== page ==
life Is mostly spent out of
doors and wha has been an athlete all
bis clays. Hut nevertheless at that mo
ment he was afraid. Something in the
stillness of the room oppressed h'ra.
He could see nothing, hearing nothing,
except the clock ticking upon tlse man
telpiece. And yet he v.r.s afraid.
He fumbled desperately in his pocket
for his matchbox. When he had found
it hp discovered that it war; empty.
With a sense of positive relief he back
ed out of the room and hastily de
scended the Vtairs. The old lady was
stilt' in her sitting room reading the
paper. She set it down at his-entrance
aud looked at him over the top of her
"Pardon, madame." he said, remov
ing his hat. "I find the rooms of mn
'deninlsplle are open, but nil is In dark
ness. I cannot make any one hear." '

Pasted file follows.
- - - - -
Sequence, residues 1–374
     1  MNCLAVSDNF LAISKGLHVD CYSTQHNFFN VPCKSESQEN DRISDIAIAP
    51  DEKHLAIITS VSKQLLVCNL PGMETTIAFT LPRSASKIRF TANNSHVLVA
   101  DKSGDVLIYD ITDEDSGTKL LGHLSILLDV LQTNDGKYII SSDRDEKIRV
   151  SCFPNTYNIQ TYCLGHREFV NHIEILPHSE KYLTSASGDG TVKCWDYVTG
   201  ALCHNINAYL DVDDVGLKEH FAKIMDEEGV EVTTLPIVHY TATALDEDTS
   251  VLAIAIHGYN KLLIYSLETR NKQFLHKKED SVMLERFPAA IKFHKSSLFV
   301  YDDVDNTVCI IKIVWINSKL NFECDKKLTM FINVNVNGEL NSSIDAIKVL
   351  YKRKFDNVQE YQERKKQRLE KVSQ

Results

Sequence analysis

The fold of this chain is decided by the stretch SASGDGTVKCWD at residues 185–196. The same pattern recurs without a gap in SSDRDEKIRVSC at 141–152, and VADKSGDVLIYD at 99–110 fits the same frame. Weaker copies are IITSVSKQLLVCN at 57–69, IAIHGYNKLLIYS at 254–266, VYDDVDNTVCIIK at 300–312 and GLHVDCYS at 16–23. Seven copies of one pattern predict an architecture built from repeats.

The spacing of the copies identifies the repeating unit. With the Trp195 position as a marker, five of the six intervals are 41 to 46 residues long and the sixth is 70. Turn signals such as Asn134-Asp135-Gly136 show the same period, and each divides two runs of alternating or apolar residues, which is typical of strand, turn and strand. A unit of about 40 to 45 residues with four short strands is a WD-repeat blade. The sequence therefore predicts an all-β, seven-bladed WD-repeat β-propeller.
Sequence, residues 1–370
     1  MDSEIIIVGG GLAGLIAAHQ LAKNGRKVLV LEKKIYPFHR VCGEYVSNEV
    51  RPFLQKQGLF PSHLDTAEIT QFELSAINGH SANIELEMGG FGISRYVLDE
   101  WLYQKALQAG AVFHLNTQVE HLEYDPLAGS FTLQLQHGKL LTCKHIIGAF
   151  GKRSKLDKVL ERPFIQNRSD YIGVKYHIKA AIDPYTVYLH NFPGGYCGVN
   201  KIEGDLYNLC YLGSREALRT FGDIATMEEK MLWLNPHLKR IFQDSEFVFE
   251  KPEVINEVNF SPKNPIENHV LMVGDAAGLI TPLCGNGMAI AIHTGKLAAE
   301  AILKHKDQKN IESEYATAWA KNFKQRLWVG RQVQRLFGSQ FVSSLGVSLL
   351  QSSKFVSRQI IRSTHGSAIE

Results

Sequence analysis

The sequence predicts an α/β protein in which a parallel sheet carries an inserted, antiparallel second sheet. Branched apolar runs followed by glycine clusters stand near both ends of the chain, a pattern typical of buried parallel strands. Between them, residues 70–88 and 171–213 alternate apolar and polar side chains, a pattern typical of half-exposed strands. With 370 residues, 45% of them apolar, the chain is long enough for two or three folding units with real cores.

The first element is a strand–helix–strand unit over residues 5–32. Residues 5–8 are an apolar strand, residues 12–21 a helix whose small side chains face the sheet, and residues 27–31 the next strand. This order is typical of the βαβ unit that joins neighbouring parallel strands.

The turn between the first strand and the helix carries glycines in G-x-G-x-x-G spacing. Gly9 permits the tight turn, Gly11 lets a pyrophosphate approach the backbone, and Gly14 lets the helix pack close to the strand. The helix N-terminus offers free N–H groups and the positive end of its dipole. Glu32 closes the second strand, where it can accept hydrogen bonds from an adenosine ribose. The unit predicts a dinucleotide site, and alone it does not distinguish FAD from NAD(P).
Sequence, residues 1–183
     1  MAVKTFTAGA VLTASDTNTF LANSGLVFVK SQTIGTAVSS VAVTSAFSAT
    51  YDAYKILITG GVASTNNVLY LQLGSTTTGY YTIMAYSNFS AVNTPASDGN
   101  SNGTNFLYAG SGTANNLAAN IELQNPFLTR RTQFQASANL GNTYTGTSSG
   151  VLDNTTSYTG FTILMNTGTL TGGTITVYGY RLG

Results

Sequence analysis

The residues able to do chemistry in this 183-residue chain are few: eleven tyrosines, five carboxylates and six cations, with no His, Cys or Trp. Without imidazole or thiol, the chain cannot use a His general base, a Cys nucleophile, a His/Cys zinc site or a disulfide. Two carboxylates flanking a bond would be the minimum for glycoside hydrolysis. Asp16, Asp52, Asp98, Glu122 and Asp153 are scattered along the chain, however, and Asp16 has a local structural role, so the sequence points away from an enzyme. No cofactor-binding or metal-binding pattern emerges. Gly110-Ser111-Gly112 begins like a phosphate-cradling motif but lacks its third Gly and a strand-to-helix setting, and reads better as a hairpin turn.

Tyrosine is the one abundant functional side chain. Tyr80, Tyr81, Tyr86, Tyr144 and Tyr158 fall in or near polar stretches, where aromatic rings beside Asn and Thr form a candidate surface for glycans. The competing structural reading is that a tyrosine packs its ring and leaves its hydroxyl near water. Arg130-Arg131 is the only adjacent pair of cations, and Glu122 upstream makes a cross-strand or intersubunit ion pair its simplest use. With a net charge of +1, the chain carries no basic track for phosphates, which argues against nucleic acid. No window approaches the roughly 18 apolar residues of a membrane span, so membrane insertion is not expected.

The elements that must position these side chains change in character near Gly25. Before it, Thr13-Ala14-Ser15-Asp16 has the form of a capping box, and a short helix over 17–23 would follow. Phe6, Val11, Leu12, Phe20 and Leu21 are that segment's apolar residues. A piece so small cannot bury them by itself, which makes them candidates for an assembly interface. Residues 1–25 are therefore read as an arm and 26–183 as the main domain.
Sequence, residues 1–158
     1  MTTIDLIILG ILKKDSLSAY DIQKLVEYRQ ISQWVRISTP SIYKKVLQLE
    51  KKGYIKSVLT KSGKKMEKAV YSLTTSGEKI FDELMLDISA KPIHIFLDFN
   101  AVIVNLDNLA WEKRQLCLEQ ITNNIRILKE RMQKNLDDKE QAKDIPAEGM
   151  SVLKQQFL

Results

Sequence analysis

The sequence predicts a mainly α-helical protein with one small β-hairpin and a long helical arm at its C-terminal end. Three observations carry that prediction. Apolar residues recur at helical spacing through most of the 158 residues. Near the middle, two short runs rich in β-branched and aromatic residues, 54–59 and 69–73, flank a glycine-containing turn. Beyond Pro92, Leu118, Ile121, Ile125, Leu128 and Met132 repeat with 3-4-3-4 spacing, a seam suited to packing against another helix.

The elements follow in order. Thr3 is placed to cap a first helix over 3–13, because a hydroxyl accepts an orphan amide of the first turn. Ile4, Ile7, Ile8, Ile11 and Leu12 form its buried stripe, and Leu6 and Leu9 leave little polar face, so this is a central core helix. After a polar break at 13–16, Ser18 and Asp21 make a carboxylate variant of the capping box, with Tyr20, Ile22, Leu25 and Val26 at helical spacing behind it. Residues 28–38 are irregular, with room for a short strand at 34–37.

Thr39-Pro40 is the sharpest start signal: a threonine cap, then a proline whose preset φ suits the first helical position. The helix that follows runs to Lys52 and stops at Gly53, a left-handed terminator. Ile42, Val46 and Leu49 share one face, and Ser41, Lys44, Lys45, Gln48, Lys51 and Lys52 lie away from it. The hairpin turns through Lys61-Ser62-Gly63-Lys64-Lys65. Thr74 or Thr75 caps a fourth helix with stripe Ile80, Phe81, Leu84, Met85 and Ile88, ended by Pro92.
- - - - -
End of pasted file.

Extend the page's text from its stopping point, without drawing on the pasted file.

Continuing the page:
Madame took up her pap;u
"Then mademoiselle is probably out."
she declared. "It is generally so at
this hour. Monsieur can leave his
"But the doors a:e all open," Dun-'
- "I s presently and clos them." ma
dame answered. "The careless hussy:"
Duncombe produced a small piece of
gold.. Madame laid down the paper at
once, fclie looked at it as though ready
to snatch it from his hand.
"Madame would oblige ine very much
If she would nsrend with me at once,"
Duhcombe said. "I should like to
mnke quite sure whether the young
lady Is there or not."
Madame was on her feet with re
markable celerity. She accepted the
coin and carefully placed it in a purse
drawn from somewhere among the
folds of her voluminous skirts.
"W shall need a caudle," Duncombe
She lit a lamp, talking all the while.
"Monsieur is very generous." she de
clared. "Mile. Flossie is a charming
young lady. No wonder she has many
friends, ihere was one," she continu
ed, '"who came here with her this aft
ernoon, but he left almost at once," she